Charlie: Yeah, actually last year at the Highberry Music Festival. (Aside from it being a great set) On our way in we got pulled over by a cop and as he is taking our license and registration his car hits us in the back. He rear-ended us because he didn’t put his car in park. He was in our window when it happened and tried to blame it on us. We explained to him that physics is at work here and that he can’t be right. Then we had to sit there for like an hour to get another cop to write him up. ONLY recently did we receive an actual insurance claim…  

GW: How much of a typical year does TAUK usually spend traveling? What’s one of the first things that you look for when you land in uncharted territory?

Charlie: I’d say we tour about on average for about 140-250 shows a year, and about 200 days a year are spent traveling… and these are all guesses. What do we look forward to? What’s the next thing to eat! Sometimes I only remember the venue where we’re going and what we ate last time.

GW: What does sustainability or environmentalism mean to you?

Matt: For me, environmentalism is just being aware of the role humans play on the earth and what our impact is. Being aware of it is the first step, then doing what you can to help preserve what’s here. That’s great for Homegrown on the River to make the attempts to stay as environmentally friendly as possible. It’s tough for a band. We have to get places, we have to get to the gig. We’re in a big vehicle, guzzling gas. You try to be aware as you can and do the little things that you can. So, it helps when a festival is taking the steps to do that and offset the impact. I think that’s a really positive thing.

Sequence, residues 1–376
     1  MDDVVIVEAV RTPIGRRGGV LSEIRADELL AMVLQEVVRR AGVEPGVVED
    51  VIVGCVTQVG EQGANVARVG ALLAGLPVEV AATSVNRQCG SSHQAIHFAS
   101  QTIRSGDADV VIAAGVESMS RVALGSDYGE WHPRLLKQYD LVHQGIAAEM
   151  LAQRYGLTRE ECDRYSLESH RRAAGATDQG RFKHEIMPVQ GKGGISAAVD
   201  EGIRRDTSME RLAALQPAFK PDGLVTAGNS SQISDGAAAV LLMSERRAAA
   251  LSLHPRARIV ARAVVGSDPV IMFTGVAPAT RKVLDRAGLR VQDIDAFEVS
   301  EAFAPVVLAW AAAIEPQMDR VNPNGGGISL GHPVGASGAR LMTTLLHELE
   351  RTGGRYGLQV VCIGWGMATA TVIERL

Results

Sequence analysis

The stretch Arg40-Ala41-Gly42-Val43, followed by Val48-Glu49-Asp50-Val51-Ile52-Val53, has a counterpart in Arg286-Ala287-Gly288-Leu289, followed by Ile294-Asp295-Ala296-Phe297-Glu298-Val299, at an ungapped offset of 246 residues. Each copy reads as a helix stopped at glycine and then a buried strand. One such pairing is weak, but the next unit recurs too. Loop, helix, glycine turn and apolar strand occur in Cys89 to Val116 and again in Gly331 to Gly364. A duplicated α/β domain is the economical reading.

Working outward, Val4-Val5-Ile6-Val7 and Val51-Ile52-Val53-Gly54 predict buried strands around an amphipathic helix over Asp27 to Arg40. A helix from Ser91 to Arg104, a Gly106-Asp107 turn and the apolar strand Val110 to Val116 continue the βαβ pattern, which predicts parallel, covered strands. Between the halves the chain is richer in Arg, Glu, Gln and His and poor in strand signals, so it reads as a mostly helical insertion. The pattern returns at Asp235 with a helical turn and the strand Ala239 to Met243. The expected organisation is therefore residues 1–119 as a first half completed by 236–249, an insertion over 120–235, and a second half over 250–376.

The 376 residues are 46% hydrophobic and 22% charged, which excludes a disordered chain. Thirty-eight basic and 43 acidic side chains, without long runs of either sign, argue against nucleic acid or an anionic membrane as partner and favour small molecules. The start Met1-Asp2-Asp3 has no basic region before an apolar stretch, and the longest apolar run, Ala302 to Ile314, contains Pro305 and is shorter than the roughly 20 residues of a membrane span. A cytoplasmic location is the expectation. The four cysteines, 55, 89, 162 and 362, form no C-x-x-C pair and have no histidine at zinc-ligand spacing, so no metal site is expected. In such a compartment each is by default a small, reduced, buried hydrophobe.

GW: Any tips for maintaining a sustainable lifestyle while on the road?

Matt: Sustainability is something that you could apply to ourselves as well. We need to sustain ourselves too. You’re living in a bus, you don’t know where you’re going, you don’t know where your next meal is all the time. So, we try to keep healthy food on the bus. You have to be aware of what you’re putting in your body and how you are treating yourself. We’re on the road, this like a 7-8-week tour. First you have to sustain yourself.

GW: As musicians do you find conflict or confluence when practicing your environmentalist ethics?

Matt: I think the hardest part is being on the road all the time. It’s not easy to maintain all the things you may do while you’re at home. You can setup a lifestyle for yourself at home where you’re making sure you recycle and do things as environmentally as possible. It’s tough when you’re rolling through the country and trying not to waste stuff. We constantly try take steps to improve as we go.

Charlie: Yeah, you don’t have a kitchen so getting food that’s not in single use plastics is tough. We’ve tried to bring canteens instead of using cases of water. It’s a commitment so you really have to prepare and have the right mind set.